State To Consider Charging Drivers by Mile Instead of Gas Tax?
Perhaps it's from the severe beating legislators are taking over continually raising the WA state gas tax, or another influence of a Governor who wants to his legacy to be that of the "greenest" in U.S. history. Either way, this idea is sure to meet resistance on the East side.
Beginning in the fall of 2017, the WA State Transportation Commission is going to launch a volunteer pilot program, where 2,000 people will test the idea of being charged by the mile rather than pay gas taxes at the pump.
The idea would charge drivers by road usage, rather than paying the current $.49.4 cent state gas tax that's plopped on top of each gallon we pump. Currently, when you add in the federal taxes on top of state, Washington has the THIRD highest gas tax in the U.S., even ahead of New York. Ours combined is a whopping $.62.9 cents per gallon according to bankrate.com.
According to the Transportation Commission, by the year 2035 revenue from gas taxes will fall by at least 45%, because of increasing fuel efficiency in vehicles. Even large full size trucks are now capable of getting 22-26 MPH on the highway, some smaller commuter sedans are in the upper 30 to 40 mph range.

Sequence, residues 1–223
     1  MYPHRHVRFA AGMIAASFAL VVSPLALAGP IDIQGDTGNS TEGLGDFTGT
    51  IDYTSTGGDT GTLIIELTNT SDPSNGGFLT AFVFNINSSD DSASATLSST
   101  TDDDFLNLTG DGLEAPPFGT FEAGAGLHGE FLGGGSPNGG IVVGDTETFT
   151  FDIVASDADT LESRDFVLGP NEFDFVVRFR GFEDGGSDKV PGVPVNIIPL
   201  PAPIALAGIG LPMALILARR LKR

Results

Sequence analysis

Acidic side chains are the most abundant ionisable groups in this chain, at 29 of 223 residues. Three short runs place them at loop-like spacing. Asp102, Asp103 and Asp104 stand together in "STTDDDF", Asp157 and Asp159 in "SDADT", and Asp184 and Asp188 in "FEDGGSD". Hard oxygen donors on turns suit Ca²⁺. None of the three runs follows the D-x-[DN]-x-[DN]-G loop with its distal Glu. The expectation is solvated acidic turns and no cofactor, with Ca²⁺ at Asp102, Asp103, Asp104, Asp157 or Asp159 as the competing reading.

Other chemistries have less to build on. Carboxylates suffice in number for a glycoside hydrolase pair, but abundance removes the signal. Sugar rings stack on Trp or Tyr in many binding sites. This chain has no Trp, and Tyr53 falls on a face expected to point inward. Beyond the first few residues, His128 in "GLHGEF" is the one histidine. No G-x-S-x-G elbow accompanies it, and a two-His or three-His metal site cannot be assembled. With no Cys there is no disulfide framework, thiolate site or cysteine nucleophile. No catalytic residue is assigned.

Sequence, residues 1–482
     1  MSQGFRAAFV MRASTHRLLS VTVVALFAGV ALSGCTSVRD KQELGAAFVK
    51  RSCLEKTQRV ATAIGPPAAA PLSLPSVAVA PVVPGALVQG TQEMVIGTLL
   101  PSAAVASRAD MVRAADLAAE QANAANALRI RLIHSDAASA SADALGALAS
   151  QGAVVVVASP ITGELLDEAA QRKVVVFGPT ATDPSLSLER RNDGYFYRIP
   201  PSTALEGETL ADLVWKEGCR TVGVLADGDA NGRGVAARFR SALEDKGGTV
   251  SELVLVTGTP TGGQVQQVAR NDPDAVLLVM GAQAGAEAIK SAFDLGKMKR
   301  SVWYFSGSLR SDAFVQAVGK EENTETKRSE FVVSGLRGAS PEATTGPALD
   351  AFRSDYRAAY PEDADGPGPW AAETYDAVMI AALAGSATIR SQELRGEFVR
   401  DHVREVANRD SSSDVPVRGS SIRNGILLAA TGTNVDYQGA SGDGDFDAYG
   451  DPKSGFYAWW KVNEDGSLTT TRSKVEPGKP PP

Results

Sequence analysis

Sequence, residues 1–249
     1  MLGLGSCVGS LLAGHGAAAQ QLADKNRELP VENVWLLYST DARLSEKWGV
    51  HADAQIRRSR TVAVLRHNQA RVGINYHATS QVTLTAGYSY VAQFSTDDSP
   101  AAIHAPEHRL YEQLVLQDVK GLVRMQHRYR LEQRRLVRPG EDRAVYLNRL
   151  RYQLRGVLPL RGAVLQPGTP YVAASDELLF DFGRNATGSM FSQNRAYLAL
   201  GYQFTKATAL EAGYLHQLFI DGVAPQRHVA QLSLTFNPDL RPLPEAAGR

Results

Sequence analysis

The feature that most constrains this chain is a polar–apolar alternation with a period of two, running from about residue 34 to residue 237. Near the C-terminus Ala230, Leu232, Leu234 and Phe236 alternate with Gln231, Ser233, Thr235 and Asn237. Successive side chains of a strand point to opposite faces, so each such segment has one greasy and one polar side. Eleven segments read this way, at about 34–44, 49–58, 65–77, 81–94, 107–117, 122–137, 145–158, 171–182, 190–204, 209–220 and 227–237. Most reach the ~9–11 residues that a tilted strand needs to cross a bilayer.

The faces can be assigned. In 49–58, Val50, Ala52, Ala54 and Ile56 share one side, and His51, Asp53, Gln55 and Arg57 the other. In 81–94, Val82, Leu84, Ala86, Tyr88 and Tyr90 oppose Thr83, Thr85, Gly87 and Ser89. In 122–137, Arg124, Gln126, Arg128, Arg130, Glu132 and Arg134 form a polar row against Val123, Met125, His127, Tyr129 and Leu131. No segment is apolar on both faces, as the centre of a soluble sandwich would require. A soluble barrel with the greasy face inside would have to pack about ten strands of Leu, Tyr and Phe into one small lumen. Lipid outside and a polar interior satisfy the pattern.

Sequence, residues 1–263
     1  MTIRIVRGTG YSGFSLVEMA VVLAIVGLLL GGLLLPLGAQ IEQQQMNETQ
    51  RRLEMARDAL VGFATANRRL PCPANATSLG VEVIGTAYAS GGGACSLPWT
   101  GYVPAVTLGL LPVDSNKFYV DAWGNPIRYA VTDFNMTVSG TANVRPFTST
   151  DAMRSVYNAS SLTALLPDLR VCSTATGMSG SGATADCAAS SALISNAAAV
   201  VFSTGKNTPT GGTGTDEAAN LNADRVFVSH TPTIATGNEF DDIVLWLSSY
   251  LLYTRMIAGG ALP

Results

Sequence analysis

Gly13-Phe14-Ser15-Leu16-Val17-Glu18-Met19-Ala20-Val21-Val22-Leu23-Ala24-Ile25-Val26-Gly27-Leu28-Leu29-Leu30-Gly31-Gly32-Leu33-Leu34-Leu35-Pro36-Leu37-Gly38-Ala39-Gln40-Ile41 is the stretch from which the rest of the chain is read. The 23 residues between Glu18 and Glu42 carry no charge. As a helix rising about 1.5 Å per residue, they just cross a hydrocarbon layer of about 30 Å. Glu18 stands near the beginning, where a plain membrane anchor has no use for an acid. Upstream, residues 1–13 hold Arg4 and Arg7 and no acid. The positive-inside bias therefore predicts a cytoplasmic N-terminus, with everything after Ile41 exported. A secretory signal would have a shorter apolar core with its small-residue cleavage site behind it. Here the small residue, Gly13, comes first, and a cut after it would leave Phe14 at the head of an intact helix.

Officials are also eyeing possible new fees for drivers of electric and possibly hybrid vehicles, because they contribute very little to the gas tax, which is used to help maintain roads. Electric owners do pay a $150 registration fee that combustion cars don't, but officials say it's very small compared to the amount of lost revenue from these vehicles. State leaders say the revenue won't be enough to keep up with maintenance and road development needs.
Critics say it's just another way that shortsighted public officials are scrambling to try to increase revenues, and should have seen this coming years ago when the big popular push was fuel efficiency and 'environmentally' friendly vehicles.
One of the sticking points of the idea is how drivers will be monitored. The Commission has received a lot of resistance to the idea of using GPS to 'monitor' how many miles a person drives, but especially their whereabouts.
According to Reema Griffith, the Executive Director of the Commission:
“The notion of government monitoring your numbers of miles is troubling to a lot of people, for this to move forward, we’ve got to recognize this is not a one-size-fits-all system."